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Film review: The Big Sick – Kumail Nanjiani, Zoe Kazan shine in culture-clash romantic comedy

Based on Pakistani comedian Nanjiani’s real-life relationship with an American woman, the film avoids the usual cliché pitfalls and heavy-handed messages as it evolves into a character-driven medical drama

PUBLISHED : Monday, 25 September, 2017, 1:00pm
UPDATED : Monday, 25 September, 2017, 1:00pm

3.5/5 stars

This multicultural romance succeeds because the filmmakers have avoided the cultural clichés that usually dog the genre.

The Big Sick tells the true story of how its two scriptwriters – Kumail Nanjiani, a Pakistani actor-comedian, and Emily V. Gordon, a white American – fell in love. Because the events more or less happened in reality, the film benefits from an informed perspective that allows jokes about situations that might otherwise be considered politically incorrect.

While early proceedings are very funny, with sarcasm and humour in every scene, the second half quickly turns into a medical drama, with the characters just about getting away with cracking jokes during the worrying near-death situation that lies at the centre of the story. The set-up is not unusual – it’s the details and clever performances that make this film special.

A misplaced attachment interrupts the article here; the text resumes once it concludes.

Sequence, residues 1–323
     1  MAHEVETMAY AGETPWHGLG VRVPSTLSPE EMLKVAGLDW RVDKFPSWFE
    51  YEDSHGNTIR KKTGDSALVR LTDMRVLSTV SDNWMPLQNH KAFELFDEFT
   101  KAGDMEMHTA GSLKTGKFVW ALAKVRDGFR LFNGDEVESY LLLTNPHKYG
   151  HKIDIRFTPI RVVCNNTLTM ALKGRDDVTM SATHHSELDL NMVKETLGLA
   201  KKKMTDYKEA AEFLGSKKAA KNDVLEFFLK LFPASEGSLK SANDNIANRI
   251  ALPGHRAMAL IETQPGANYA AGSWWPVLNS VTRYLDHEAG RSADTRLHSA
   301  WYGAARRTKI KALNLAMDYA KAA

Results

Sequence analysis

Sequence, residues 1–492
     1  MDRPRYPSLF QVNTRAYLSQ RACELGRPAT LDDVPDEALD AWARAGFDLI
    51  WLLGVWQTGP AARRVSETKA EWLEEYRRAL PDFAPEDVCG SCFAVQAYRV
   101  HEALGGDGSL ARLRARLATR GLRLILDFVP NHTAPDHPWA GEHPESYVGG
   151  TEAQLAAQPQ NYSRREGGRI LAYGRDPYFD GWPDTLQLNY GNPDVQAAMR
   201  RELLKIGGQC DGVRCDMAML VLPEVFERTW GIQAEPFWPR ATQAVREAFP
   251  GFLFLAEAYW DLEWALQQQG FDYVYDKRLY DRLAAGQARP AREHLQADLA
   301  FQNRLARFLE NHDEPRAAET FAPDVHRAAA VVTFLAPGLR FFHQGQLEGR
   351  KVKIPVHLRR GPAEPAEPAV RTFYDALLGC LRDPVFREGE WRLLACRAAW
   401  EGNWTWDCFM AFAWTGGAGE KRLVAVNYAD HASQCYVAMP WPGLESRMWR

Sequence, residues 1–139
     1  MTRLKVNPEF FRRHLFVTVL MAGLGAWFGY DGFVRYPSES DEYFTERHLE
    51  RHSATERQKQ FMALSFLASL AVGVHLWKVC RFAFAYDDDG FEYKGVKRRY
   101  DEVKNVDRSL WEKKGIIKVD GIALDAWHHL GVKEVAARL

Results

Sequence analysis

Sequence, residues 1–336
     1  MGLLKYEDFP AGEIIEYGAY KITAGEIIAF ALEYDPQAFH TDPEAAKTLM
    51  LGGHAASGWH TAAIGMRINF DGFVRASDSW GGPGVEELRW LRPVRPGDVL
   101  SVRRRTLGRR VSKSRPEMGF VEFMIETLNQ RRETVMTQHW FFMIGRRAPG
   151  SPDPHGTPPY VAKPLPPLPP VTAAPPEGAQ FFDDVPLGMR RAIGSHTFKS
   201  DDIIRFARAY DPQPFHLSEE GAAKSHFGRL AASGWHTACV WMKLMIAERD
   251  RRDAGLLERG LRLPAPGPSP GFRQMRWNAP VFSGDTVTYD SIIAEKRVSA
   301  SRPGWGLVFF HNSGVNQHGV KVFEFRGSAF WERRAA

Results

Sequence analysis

Kumail (played by the real-life Kumail Nanjiani) is a Westernised Muslim comedian who has a one-night stand with Emily (Zoe Kazan). A romance quickly develops, but Kumail’s parents are very traditional, and continue to introduce him to Pakistani women for an arranged marriage.

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Fearing banishment from his family, Kumail refuses to take Emily to meet his folks, so she ends the relationship. But soon after, she’s taken into hospital with a serious illness and put into a medically induced coma. Kumail waits for Emily to regain consciousness, hoping to restart their romance.

The two leads are very human in the way they say one thing and do the opposite; they are riven with confusion about their needs and desires. Emily’s parents, played by Holly Hunter and Ray Romano, effortlessly portray a couple who’ve been together for a long time but still care. Even minor characters, like the women Kumail auditions for the arranged marriage, are given histories and personalities.

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The Big Sick is too sophisticated to be reduced to a message – it’s a story about individuals rather than a social analysis. But arranged marriages certainly don’t come out of it very well.

The Big Sick opens on September 28

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